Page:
It is therefore clear that a wide range of people are aware that the spraying is going on, and basic science proves it is really happening. The question has to be asked, then, how do we proceed and obtain answers to has authorised this spraying and what is its purpose? …The research of many people and the report I compiled proves the issue is real, even though we don’t know who is responsible for the spraying.

We don’t know who isn’t doing this, but they must be doing it because they claim not to be. Gotta love that thinking. Or not thinking. The article concludes by calling for

Anyone who has an interest in protecting our environment should be looking at this issue and asking questions. The official responses I have received so far have done nothing, realistically, to refute or correct any of the data or overall conclusions I included, disturbing though they are.

The official responses could never convince anyone who enters with the mindset that the officials must be lying and covering up. And the conclusions are, well, yes, disturbing – but only in your own rather delusional mind. Why would anyone interested in protecting the environment want to expend energy protecting it from imaginary threats? There are enough real threats to it without worrying about these hoaxes and hobgoblins.

In response, the armies of conspiracy wingnuts have assembled a barrage of doctored images and videos, fake “experts” who can barely string together noun and verb into a sentence, and ominous musical overdubs, doctored photographs, fake “experts” and egregiously stupid pseudoscience to present a chilling image of ongoing government-sponsored terror that features nanobots, secret government agencies, massive collusion by millions of people worldwide, the New World Order. Gosh, no wonder the Mayan apocalypse was sloughed aside for this stuff.

So debunking this nonsense it isn’t exactly a debate… more like a carnival game. Whack-a-mole comes to mind. Sigh. Some days I am convinced the internet is just making us collectively more stupid. Other days that’s the good news…

01/30/13

Musings on public input


Mob rule When I hear a call for a public meeting, my first thought is to ask why we need it. Is the issue something that absolutely needs more public input above and beyond what is already widely available?

Public meetings require considerable planning, advertising and recording. Sometimes they require a large space, which has to be rented. Is the issue big enough to warrant such a process or cost? Is this meeting efficient, or will it delay a process or a decision unnecessarily?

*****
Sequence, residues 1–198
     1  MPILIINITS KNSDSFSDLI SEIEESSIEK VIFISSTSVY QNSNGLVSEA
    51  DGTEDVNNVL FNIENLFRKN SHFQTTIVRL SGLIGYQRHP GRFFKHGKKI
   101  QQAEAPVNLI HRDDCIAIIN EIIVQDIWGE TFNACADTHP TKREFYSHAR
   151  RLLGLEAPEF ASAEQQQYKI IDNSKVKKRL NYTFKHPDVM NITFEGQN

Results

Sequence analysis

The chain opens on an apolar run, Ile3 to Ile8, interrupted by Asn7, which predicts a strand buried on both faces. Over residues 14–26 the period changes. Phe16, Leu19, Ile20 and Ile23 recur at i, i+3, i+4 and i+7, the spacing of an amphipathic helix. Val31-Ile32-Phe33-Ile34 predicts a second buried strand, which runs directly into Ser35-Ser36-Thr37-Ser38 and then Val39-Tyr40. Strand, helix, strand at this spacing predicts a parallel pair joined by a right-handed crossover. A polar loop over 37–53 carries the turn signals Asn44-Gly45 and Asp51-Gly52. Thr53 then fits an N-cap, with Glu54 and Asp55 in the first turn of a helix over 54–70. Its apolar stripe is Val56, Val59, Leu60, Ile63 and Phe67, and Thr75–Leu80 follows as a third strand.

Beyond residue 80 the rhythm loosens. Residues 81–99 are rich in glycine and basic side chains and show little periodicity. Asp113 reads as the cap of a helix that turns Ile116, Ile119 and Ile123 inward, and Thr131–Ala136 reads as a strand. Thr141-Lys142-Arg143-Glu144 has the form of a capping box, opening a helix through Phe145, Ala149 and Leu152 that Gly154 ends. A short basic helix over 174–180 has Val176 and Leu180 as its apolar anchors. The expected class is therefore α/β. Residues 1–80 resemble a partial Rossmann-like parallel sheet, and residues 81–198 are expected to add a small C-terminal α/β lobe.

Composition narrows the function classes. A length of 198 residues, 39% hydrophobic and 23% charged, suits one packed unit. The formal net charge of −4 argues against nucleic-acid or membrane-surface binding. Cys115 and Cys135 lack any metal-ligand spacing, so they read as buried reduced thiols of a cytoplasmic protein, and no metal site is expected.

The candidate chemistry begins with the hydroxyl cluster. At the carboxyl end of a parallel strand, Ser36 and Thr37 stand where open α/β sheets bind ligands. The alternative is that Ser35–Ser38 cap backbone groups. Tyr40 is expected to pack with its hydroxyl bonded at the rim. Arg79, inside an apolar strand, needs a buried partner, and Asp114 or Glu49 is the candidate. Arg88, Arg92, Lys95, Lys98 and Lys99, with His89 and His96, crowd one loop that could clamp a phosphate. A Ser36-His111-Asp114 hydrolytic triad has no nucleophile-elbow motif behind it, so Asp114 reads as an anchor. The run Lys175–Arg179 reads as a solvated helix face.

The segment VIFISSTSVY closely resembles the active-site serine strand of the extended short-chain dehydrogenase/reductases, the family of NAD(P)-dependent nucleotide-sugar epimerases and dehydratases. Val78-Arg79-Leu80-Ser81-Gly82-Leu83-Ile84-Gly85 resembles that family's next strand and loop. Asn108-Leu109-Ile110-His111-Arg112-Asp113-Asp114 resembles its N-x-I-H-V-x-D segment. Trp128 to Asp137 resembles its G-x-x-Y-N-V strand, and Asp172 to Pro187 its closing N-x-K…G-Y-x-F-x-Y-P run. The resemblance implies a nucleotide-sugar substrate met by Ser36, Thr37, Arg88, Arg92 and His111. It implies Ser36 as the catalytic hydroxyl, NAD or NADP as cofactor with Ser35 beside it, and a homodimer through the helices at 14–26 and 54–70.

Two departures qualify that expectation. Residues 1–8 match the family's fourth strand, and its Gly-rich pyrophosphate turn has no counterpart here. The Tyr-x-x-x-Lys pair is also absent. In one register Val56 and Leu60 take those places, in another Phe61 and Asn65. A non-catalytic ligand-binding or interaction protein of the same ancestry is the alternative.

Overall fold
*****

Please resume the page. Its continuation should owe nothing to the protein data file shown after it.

And, of course, I ask: does it serve the community as a whole or just a special interest group?

Political theorist Hannah Pitkin wrote that political representation is a “social relationship, constituted in part by shared meanings.”*

Social relationships are two-way. They require interaction, dialogue and trust to function. But with so many people, so many interests, demands, needs, wishes, agendas, issues and goals in even a small town, the relationship between representative and electorate is naturally uneven. You cannot be all things to all people.

The result of that imbalance is the rise of “informal representation” where special interest or advocacy groups formed to focus attention on their particular goals or demands because they feel under-represented by the politicians or the media.

But while any elected representative can make some claim to be universal and inclusive, special interest groups are, by their nature, particular and exclusive. Council has to worry about infrastructure, the downtown, taxes, industry, recreation, jobs, zoning, the debt, communication, library, museum, bylaws, budgets, signs, staffing – a whole gamut of issues, services and facilities that most special interests ignore in pursuit of their specific goals.

Special interest groups act like acupuncture needles on hot spots of particular focus. They can galvanize their members to bring public attention to themselves and their cause, and to act as advocates and pressure points on council. That attention can be either good or bad – sometimes the attention is warranted and serves the greater good; other times it serves some more limited or even inimical purpose.

Often the informal and unelected representatives see themselves as entitled to the same decision making authority as their elected counterparts, as if on par with them. Trust between formal and informal representatives can then break down into an adversarial relationship when the elected representatives do not perform as the special interest groups expect or demand. But it is not a contest between two governments: only one is the elected authority.

To increase their power, these groups often lobby elected representatives to act as their advocates, or try to create factionalism among the body of representatives to prevent action that is counter to the group’s goals. We’ve seen both, locally. Dr. Mark Cooray wrote,

Pressure groups give rise to special problems. The public choice theorists argue that pressure groups have in fact increased arbitrary government. In the absence of limitations, factionalism leads to the pursuit of separate ends, with the government gaining power to satisfy particular demands.

To attempt to be as inclusive as possible, council always tries to involve the public as much as is both practical and effective.